Tennessee Tech News

Music from the Yucatan premiere, recording at Tennessee Tech April 7

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Kevin O’Connor, percussionist, prepares for the Music from the Yucatan performance April 7 at Tennessee Tech. (Photo by Warren LaFever)

Published Tuesday Mar 27, 2018

Composers from Yucatan, Mexico are bringing a unique opportunity to Tennessee Tech students and local audiences to experience the premiere performance and live recording of six compositions Saturday, April 7 at 3 p.m. in Tech’s Wattenbarger Auditorium.

Leroy Osmon and his composition student Amaury Leon Sosa will spend the first week of April in residence at Tech’s School of Music, visiting classes and seminars with students. Their new works have been composed specifically for Tech music ensembles, which have been in rehearsal for several months, anticipating the performance.

“We feel that this is a very special event, not only for our music students but for anyone interested in international music and curious about the recording processes utilized to produce an audio recording,” said Winston Morris, professor of music at Tech. “We are not aware of anything of this nature having been presented at Tech or in Cookeville in the past.”

Preparation for the event has been extensive, with the university’s percussion studio going as far as to build some instruments designated in the music scores because they do not commercially exist. The Tech Percussion Ensemble, the Tech Tuba Octet and other special guests will be part of the performance.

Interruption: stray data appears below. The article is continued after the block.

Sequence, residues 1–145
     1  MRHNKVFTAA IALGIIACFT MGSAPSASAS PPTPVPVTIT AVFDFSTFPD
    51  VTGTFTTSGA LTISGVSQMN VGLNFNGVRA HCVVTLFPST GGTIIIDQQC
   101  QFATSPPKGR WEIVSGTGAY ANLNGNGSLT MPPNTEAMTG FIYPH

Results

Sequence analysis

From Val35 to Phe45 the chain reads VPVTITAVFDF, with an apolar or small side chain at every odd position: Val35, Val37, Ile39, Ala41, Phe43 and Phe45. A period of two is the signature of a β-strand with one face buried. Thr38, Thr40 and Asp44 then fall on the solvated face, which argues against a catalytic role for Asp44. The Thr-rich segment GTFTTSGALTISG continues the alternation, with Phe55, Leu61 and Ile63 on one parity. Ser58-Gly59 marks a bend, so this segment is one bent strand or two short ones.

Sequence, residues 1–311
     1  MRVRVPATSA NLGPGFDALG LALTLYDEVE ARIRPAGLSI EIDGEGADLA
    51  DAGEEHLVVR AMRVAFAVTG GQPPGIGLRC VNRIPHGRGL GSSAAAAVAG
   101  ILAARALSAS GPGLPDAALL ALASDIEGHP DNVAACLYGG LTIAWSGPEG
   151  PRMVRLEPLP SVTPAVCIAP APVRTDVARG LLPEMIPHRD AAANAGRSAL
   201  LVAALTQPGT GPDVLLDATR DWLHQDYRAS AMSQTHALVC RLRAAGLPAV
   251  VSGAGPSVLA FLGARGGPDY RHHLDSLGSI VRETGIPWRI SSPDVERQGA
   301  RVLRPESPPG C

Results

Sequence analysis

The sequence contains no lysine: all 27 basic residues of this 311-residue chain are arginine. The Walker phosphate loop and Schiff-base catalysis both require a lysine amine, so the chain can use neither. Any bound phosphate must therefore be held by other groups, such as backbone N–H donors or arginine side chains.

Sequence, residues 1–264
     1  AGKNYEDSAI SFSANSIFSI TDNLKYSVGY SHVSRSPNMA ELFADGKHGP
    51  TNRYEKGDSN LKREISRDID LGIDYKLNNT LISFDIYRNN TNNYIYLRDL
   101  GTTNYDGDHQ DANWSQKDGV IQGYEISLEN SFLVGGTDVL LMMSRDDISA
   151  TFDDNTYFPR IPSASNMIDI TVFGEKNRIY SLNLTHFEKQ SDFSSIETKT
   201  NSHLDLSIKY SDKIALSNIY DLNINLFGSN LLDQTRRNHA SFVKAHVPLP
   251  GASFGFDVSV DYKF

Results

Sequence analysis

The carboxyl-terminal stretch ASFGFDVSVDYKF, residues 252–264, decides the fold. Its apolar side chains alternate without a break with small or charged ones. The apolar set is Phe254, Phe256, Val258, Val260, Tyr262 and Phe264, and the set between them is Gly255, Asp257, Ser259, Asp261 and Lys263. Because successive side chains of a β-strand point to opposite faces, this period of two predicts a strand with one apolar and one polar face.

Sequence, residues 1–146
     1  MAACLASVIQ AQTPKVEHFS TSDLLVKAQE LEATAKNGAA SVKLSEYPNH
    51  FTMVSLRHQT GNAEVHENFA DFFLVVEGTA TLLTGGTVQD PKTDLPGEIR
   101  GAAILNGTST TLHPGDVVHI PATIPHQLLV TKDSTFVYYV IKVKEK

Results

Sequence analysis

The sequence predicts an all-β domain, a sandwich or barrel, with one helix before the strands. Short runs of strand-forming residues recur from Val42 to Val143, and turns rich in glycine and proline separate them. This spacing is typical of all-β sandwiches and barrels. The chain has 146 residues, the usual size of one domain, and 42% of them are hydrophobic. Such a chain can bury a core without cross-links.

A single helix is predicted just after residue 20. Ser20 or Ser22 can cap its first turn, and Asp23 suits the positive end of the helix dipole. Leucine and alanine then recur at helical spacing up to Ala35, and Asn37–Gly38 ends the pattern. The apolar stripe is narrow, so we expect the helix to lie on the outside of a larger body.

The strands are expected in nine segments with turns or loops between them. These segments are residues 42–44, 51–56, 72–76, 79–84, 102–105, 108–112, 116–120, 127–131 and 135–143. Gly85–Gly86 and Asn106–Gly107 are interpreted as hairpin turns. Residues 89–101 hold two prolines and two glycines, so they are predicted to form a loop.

With the support of grant funding and College of Fine Arts Dean Jennifer Shank, the April 7 concert will also be a live recording session. Mark Records of Buffalo, New York will record the performance.

“Also, both composers will be present and will address the audience about the compositional process and programmatic material contained in each composition,” Morris said.

Because each composition utilizes a different group of performers on different instruments, a recording engineer will take time between each piece to set equipment while the composer talks with the audience about the next piece. Video of the event will also be taken for production of a DVD of the premiere.

Osmon is an internationally known composer living in Mexico. He has published more than 100 compositions. Osmon receives commissions for all music genres and he has received the ASCAP Standard Music Award for Composition 26 times and the Medallion La Ville De Contrexeville (Contrexeville, France) twice.

Sosa was born in Merida Yucatan, and graduated with a Bachelor of Music degree from the Superior School of Arts with a specialty in composition. He is in his third year of private study in composition with Osmon.

The performance and live recording session is free and open to the public.

Wattenbarger Auditorium is located in the Bryan Fine Arts Building, 1150 N. Dixie Ave.

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